Introduction: Coronavirus disease 2019 (COVID-19) can be a life-threatening lung disease or a trivial upper respiratory infection depending on whether the alveoli are involved. Emergency department (ED) evaluation of symptomatic patients with normal vital signs is frequently limited to chest auscultation and oro-nasopharyngeal swabs. We tested the null hypothesis that patients being screened for COVID-19 in the ED with normal vital signs and without hypoxia would have a point-of-care lung ultrasound (LUS) consistent with COVID-19 less than 2% of the time. Methods: We performed a retrospective, structured, blinded ultrasound review and chart review in patients 14 years or older with symptoms prompting ED evaluation for COVID-19. We excluded those with known congestive heart failure or other chronic lung conditions likely to cause excessive B-lines on LUS. We used a two-sided exact hypothesis test for binomial random variables. We measured LUS diagnostic performance using computed tomography as the gold standard. Results: We reviewed 77 charts; 49 met inclusion criteria. Vital signs were normal in 30/49 patients; 10 (33%) of these patients had LUS consistent with viral pneumonitis. We rejected the null hypothesis (p-value <0.001). The treating physicians' interpretations of their own point-of-care LUS had a sensitivity of 100% (95% confidence interval (CI), 74%, 100%), specificity 88% (95% CI, 47%, 100%), likelihood ratio (LR) positive of 5.8 (95% CI, 1.3, 25), and LR negative of 0.05 (95% CI, 0.03, 0.71) when compared to CT findings. Conclusion: LUS had a meaningful detection rate for pneumonitis in symptomatic ED patients with normal vital signs who were being evaluated for COVID-19. We recommend at least LUS be used in addition to polymerase chain reaction testing when evaluating symptomatic ED patients for COVID-19.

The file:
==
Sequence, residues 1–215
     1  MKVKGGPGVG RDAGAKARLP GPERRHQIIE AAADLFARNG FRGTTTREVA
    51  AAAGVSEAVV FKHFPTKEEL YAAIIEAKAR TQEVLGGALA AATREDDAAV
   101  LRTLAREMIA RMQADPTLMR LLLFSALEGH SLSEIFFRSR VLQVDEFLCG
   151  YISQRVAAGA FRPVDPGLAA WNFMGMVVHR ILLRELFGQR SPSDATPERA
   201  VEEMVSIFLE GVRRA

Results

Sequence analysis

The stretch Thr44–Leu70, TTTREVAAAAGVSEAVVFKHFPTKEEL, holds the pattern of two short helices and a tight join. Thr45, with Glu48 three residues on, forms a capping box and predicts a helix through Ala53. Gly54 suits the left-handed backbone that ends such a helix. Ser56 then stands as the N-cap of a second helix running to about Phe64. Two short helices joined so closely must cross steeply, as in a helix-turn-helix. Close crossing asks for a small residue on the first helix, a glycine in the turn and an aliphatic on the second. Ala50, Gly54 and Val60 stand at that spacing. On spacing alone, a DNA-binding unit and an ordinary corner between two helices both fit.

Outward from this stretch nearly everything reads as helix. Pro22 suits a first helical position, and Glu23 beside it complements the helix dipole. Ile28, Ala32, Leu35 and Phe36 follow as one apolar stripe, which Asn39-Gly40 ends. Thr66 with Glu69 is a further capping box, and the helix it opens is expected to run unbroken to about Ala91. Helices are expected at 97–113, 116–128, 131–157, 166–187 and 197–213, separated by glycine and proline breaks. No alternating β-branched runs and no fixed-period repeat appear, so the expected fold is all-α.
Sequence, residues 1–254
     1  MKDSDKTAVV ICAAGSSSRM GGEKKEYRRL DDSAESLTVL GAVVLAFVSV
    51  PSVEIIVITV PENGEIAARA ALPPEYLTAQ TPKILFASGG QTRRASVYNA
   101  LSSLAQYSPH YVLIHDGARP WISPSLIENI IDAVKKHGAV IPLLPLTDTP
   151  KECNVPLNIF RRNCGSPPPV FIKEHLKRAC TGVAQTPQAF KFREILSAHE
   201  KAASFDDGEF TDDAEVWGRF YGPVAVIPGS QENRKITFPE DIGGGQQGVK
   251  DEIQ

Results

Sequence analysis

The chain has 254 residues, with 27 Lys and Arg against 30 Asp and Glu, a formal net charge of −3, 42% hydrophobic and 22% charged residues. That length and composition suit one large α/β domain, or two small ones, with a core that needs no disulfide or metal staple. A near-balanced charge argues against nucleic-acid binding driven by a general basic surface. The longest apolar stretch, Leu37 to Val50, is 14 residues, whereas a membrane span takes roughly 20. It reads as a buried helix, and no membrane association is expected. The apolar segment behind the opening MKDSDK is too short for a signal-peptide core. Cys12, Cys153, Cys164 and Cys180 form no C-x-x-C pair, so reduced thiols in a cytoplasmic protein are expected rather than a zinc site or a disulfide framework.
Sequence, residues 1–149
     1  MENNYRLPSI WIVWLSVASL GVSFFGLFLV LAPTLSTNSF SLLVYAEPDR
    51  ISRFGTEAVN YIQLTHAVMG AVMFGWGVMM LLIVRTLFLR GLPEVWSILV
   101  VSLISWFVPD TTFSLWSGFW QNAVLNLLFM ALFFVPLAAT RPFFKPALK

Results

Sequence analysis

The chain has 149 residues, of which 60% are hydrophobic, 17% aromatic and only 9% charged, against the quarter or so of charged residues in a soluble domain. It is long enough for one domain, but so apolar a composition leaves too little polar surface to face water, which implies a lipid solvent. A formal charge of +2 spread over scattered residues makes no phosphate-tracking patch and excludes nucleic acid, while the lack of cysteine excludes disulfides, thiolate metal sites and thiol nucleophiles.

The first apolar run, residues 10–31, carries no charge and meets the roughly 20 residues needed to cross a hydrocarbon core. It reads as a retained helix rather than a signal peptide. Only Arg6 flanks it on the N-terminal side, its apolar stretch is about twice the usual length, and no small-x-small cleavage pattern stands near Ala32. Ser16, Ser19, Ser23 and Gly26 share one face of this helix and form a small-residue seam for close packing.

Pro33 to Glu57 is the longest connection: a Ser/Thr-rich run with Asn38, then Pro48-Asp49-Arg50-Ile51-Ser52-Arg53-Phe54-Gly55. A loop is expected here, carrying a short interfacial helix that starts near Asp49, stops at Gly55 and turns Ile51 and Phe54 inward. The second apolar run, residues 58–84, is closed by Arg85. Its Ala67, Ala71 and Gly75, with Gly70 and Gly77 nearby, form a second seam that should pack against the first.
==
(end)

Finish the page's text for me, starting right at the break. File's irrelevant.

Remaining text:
ASJC Scopus subject areas
- Emergency Medicine